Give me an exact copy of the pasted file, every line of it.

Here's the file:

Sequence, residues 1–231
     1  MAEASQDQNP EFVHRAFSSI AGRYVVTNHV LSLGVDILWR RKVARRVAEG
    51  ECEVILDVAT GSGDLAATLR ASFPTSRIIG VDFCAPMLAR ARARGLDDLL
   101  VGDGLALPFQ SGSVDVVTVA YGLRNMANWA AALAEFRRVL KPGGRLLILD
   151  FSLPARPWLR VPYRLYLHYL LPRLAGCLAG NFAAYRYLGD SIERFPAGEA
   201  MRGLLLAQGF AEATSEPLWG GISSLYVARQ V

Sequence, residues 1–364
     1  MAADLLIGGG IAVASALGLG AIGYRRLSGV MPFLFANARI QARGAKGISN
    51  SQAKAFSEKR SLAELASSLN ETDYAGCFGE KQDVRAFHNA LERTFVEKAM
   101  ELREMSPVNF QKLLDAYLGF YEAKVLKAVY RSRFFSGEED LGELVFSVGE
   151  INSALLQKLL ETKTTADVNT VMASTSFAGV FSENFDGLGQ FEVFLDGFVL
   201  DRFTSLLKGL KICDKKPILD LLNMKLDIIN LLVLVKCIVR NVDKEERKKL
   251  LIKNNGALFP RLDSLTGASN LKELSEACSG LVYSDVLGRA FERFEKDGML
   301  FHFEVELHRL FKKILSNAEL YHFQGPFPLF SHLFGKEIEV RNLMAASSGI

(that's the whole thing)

Sequence, residues 1–231
     1  MAEASQDQNP EFVHRAFSSI AGRYVVTNHV LSLGVDILWR RKVARRVAEG
    51  ECEVILDVAT GSGDLAATLR ASFPTSRIIG VDFCAPMLAR ARARGLDDLL
   101  VGDGLALPFQ SGSVDVVTVA YGLRNMANWA AALAEFRRVL KPGGRLLILD
   151  FSLPARPWLR VPYRLYLHYL LPRLAGCLAG NFAAYRYLGD SIERFPAGEA
   201  MRGLLLAQGF AEATSEPLWG GISSLYVARQ V

Sequence, residues 1–364
     1  MAADLLIGGG IAVASALGLG AIGYRRLSGV MPFLFANARI QARGAKGISN
    51  SQAKAFSEKR SLAELASSLN ETDYAGCFGE KQDVRAFHNA LERTFVEKAM
   101  ELREMSPVNF QKLLDAYLGF YEAKVLKAVY RSRFFSGEED LGELVFSVGE
   151  INSALLQKLL ETKTTADVNT VMASTSFAGV FSENFDGLGQ FEVFLDGFVL
   201  DRFTSLLKGL KICDKKPILD LLNMKLDIIN LLVLVKCIVR NVDKEERKKL
   251  LIKNNGALFP RLDSLTGASN LKELSEACSG LVYSDVLGRA FERFEKDGML
   301  FHFEVELHRL FKKILSNAEL YHFQGPFPLF SHLFGKEIEV RNLMAASSGI